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Thread: ASIA B Incomplete Recovery Chances?

  1. #1

    ASIA B Incomplete Recovery Chances?

    I've read that a fairly large percentage of persons, ASIA C incomplete shortly after injury who were given methylprednisone treatment within 6 hours of injury recover walking. Dr. Young, can you comment on the possibilities for ASIA B incomplete? This was the diagnosis for our daughter within 18 hours of her accident. She received the methylprednisone within 1 hour of injury and decompression surgery within 4 hours of injury. Her level is C6-7. She can write with a pen and has regained some tricep. She's 3 months post injury.

  2. #2
    dglosek,

    ASIA B's are relatively rare, constituting probably less thatn 5% of the spinal cord injuries seen. That is because the difference between ASIA B and C are relatively small and the presence of even slight motor control below the injury site would make a person an ASIA C. In my opinion, most people with ASIA B status during the first week after injury will get to ASIA C within 3-6 months. The real question is whether or not they recover to ASIA D (useful motor function in over 50% of the muscles below the injury site). Conversion from ASIA A or B to C is supposed to be abouut 5%(at least according to the model system database that has tracked patients from 1970's to now) but the database does not take into account those people who have taken methylprednisolone, surgical decompression, and exercise.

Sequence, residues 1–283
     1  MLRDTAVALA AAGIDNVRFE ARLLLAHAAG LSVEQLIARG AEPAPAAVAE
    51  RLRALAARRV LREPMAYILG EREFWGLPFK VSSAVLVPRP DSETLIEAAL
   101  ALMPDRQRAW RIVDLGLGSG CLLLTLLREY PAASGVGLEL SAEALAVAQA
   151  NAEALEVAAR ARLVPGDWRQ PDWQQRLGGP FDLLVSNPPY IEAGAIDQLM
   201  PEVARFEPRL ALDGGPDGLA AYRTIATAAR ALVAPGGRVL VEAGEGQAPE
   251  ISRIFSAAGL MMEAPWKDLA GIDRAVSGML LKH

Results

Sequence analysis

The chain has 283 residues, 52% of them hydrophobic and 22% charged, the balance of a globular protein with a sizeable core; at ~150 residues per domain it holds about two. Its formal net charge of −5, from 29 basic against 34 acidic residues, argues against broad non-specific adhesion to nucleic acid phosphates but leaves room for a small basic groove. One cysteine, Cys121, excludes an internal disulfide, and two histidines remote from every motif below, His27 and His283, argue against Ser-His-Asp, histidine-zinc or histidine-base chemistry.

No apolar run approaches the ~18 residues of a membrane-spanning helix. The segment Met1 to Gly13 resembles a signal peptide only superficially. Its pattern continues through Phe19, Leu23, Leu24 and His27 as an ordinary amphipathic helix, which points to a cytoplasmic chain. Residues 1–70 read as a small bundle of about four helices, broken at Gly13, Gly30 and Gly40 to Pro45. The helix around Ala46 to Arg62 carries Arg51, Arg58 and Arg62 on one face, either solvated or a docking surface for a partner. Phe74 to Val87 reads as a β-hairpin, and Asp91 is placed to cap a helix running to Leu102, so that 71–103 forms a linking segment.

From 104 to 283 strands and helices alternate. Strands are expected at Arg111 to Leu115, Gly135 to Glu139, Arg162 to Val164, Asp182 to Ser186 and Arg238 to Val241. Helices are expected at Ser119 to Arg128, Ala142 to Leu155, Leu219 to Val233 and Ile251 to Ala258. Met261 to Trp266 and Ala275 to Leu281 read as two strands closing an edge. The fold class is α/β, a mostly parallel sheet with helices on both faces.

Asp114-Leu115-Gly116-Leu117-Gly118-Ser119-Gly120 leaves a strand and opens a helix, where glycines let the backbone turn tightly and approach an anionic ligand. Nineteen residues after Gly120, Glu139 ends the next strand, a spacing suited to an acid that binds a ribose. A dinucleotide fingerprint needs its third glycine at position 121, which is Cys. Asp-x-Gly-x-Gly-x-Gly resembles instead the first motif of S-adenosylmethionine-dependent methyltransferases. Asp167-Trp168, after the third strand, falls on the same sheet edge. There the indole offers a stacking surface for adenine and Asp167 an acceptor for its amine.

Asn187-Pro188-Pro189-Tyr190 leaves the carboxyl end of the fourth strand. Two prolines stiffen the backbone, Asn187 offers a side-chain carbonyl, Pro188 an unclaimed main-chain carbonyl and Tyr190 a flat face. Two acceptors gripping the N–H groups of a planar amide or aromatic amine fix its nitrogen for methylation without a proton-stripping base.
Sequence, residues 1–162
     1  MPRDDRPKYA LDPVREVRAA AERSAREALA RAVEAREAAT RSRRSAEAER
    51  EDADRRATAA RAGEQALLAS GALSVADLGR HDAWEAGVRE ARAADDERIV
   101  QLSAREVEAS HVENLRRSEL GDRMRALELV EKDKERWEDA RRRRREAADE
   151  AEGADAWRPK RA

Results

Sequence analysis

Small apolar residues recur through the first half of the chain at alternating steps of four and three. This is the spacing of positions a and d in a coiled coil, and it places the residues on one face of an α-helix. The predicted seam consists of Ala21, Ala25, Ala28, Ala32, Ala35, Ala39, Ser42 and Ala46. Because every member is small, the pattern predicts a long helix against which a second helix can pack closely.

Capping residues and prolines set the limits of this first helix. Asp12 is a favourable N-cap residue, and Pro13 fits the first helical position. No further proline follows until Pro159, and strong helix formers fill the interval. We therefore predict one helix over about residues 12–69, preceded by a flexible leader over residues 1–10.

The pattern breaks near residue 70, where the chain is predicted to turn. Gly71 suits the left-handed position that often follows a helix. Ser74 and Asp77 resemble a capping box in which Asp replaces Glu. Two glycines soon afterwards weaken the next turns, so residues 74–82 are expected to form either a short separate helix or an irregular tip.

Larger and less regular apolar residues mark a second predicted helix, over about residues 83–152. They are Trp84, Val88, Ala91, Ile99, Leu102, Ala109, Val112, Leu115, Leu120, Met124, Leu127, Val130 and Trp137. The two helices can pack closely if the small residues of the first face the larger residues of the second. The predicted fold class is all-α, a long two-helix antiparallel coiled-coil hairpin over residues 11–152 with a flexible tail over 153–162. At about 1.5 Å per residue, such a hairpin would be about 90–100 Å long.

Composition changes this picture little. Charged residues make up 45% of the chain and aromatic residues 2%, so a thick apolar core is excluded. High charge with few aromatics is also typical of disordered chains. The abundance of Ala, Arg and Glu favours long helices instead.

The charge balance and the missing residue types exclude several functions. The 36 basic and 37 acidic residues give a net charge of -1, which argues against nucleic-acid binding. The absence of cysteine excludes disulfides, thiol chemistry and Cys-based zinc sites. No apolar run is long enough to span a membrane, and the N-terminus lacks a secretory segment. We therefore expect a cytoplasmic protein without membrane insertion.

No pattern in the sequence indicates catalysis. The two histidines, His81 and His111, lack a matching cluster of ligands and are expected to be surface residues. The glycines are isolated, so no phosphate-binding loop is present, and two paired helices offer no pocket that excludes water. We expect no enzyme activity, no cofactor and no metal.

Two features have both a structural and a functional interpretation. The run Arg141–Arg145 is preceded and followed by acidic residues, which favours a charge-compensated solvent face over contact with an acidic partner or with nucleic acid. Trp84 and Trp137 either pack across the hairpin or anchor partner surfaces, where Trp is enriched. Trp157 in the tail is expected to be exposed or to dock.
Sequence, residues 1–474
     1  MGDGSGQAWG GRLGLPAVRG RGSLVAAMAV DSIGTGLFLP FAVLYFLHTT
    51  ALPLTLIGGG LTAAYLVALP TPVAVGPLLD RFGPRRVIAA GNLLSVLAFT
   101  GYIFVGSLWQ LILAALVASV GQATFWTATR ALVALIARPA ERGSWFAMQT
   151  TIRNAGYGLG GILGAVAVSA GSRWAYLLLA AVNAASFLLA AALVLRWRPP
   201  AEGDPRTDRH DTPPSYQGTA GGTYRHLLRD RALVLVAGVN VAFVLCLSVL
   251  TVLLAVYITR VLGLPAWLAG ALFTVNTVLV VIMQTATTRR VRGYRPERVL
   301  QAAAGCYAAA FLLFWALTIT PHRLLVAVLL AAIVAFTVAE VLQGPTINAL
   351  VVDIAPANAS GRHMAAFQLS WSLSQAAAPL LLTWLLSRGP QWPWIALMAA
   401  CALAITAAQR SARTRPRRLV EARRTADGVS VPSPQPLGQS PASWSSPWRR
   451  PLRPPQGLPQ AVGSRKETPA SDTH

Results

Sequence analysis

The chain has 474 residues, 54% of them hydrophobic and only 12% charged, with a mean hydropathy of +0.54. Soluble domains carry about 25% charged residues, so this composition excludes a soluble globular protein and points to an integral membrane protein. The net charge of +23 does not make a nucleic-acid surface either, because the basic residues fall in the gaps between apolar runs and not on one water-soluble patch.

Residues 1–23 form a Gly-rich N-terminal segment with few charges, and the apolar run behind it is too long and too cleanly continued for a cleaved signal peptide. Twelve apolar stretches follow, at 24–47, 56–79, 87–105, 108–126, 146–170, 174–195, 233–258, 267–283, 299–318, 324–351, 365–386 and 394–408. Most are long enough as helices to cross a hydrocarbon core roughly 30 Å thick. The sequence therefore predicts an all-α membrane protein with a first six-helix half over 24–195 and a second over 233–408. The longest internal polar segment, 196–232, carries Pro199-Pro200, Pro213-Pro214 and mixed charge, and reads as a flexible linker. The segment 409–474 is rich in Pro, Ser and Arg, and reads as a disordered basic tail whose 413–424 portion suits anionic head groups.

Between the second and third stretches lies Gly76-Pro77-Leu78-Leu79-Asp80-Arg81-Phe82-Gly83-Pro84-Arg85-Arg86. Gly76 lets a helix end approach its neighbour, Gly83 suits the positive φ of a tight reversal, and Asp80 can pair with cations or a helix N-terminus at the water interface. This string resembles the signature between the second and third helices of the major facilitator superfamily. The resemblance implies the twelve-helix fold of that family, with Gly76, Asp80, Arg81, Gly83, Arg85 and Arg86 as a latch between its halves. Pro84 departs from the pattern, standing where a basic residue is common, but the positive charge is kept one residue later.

The NASCIS 2 study showed that patients who were admitted to hospital with ASIA B or C classification typically recoverd 59% of their motor function below their injury level when they did not receive MP and 75% of the motor function they had lost if they did get methylprednisolone (MP). In paients treated between 3-8 hours after injury, NASCIS 3 showed that a 48-hour course of MP on average restored more than twice the amount of function than patients who received a 24-hour course of MP.